So here we are again. Catfish and the Bottlemen, third album, ‘The Balance’. Same tunes, same lyrics, same black and white aesthetic, which has never been more apt considering the almost complete lack of colour on this album.
The only real distinctions in style between ‘The Balance’ and its predecessor ‘The Ride’ is the slightly dodgier production and the scrapping of the usual slow acoustic numbers. Other than that, you could sellotape ‘The Balance’ onto the end of ‘The Ride’ and nothing would sound out of place.
Get your Catfish bingo sheets out, it’s all there. Monotonous song structures? Check. Abrupt endings of tracks? Check. Using big words without knowing what they mean? Check. With every passing tune you’re just left wondering whether the album has looped back round to the start again.
Instrumentally there are a few little signs of life, with Johnny Bond trying his best to resuscitate numerous tracks with some solid guitar solos, and the way the time signature switches up on ‘Mission’ is definitely a glimmer of creativity. Overall though, it’s incredibly frustrating; it always seems that a track goes quiet when it needs to be loud, and vice versa.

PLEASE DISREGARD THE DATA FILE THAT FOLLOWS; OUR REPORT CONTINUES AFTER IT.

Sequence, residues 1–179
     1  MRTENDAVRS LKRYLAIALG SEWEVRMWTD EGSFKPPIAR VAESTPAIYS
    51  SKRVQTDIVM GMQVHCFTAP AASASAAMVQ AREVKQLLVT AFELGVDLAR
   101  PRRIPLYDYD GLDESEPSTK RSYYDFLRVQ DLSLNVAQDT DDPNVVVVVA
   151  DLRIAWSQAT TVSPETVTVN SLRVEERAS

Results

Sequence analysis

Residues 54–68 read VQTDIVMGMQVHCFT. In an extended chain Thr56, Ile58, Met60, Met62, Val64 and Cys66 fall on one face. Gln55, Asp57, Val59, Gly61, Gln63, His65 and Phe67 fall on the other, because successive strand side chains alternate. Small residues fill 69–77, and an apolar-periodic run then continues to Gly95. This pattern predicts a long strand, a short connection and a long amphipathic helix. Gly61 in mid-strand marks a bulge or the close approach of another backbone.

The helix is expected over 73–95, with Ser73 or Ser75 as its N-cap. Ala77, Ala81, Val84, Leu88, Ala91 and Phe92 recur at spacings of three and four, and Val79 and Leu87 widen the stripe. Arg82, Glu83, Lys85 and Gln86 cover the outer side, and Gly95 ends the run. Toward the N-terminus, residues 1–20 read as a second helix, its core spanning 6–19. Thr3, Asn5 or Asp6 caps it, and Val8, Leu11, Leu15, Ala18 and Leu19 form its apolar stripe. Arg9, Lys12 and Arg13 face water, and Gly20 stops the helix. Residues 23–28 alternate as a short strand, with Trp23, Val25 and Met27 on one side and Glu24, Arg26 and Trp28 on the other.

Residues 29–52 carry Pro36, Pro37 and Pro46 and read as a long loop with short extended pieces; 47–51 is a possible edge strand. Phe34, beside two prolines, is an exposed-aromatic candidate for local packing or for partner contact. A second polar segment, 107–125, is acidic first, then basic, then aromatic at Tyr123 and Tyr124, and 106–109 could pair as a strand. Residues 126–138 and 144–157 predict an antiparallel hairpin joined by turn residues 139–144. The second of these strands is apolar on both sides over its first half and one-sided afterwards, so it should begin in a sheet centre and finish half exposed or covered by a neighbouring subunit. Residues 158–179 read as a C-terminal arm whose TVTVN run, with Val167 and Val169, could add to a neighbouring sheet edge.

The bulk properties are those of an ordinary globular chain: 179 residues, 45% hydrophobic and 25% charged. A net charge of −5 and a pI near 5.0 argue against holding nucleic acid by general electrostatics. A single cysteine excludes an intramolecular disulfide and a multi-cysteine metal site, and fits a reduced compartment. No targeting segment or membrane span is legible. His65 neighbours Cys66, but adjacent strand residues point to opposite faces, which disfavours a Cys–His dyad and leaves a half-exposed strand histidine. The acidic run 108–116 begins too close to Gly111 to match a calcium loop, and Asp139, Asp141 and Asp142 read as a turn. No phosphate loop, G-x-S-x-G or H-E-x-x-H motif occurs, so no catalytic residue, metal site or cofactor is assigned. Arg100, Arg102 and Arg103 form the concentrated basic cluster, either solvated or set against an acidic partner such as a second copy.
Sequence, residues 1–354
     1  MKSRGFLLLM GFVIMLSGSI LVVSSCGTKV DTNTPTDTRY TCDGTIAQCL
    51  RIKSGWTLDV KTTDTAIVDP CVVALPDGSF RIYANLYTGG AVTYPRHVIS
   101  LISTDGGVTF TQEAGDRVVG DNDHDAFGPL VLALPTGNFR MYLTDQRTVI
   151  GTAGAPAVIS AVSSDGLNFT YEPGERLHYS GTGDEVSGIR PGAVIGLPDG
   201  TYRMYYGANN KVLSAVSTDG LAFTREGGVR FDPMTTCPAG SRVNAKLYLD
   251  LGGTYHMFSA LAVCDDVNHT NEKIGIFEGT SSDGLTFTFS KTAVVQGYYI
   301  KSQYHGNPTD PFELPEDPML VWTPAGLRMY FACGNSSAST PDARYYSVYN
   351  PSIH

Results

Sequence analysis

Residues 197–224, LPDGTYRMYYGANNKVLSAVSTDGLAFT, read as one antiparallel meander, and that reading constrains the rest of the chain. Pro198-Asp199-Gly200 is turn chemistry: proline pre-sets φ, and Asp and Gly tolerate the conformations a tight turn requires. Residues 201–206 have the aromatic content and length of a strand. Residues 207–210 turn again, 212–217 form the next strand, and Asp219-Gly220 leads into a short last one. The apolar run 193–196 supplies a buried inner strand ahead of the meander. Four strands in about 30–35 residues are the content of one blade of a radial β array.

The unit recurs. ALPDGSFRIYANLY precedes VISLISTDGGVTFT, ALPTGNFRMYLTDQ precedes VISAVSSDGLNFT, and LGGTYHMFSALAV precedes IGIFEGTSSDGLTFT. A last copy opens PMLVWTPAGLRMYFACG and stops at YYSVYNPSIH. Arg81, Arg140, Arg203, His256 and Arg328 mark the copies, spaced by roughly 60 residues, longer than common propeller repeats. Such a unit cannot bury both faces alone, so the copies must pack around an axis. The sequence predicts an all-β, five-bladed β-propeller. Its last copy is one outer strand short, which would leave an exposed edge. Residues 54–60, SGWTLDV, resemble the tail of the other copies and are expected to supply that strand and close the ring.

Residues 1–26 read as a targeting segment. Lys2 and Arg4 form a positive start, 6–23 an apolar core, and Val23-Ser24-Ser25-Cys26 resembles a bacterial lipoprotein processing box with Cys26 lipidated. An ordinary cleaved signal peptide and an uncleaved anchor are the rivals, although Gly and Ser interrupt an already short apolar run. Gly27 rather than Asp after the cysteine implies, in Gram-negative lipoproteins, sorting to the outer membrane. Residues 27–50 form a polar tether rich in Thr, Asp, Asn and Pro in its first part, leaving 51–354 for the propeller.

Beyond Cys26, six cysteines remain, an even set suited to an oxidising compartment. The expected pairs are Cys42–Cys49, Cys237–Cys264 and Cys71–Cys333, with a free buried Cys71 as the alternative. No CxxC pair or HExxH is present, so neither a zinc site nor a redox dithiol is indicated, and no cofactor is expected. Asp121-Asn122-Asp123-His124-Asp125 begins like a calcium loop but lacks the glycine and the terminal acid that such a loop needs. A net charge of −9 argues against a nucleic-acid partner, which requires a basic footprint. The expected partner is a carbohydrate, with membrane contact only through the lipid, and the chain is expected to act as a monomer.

Van McCann is a songwriter that writes about the world around him and his own experiences, which was fine back when he was a spotty teenager chasing girls around a small town. Now he’s lived on a tour bus for several years, his experiences aren’t at all relatable anymore, and it seems like he hasn’t realised that yet.
Frankly, listening to him talk about conversations with his driver and getting a bollocking for being late on stage is not only completely out-of-touch; it’s really dull as well. At least he seems to be going on a bit less about smoking all the time.
Catfish don’t have to reinvent the wheel to be interesting again, but it would be nice if they at least tried to do something different. Their upcoming tour seems to be selling pretty well and undoubtedly they’ll sell out shows for years to come, but their indifference towards experimentation will catch up with them eventually. It’s a one-way ticket to washed-up nostalgia band territory.
Some say “if it ain’t broke don’t fix it”, but that doesn’t apply to things that are being branded as ‘new’ when they’re clearly not. Can you be disappointed if you knew exactly what to expect? A little bit I suppose.